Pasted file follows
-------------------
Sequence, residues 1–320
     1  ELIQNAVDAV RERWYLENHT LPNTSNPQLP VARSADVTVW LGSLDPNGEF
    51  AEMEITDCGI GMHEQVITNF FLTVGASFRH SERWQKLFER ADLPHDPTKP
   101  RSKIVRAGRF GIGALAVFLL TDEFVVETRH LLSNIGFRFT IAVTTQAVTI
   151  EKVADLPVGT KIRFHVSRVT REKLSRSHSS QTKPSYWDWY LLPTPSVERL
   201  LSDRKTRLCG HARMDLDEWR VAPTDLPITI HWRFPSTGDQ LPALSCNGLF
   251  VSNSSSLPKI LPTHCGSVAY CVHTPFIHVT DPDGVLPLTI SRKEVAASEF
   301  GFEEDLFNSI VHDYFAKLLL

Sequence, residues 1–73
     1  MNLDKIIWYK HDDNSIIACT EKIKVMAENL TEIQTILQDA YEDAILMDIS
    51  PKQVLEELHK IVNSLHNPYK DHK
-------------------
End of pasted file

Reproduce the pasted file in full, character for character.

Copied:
Sequence, residues 1–320
     1  ELIQNAVDAV RERWYLENHT LPNTSNPQLP VARSADVTVW LGSLDPNGEF
    51  AEMEITDCGI GMHEQVITNF FLTVGASFRH SERWQKLFER ADLPHDPTKP
   101  RSKIVRAGRF GIGALAVFLL TDEFVVETRH LLSNIGFRFT IAVTTQAVTI
   151  EKVADLPVGT KIRFHVSRVT REKLSRSHSS QTKPSYWDWY LLPTPSVERL
   201  LSDRKTRLCG HARMDLDEWR VAPTDLPITI HWRFPSTGDQ LPALSCNGLF
   251  VSNSSSLPKI LPTHCGSVAY CVHTPFIHVT DPDGVLPLTI SRKEVAASEF
   301  GFEEDLFNSI VHDYFAKLLL

Sequence, residues 1–73
     1  MNLDKIIWYK HDDNSIIACT EKIKVMAENL TEIQTILQDA YEDAILMDIS
    51  PKQVLEELHK IVNSLHNPYK DHK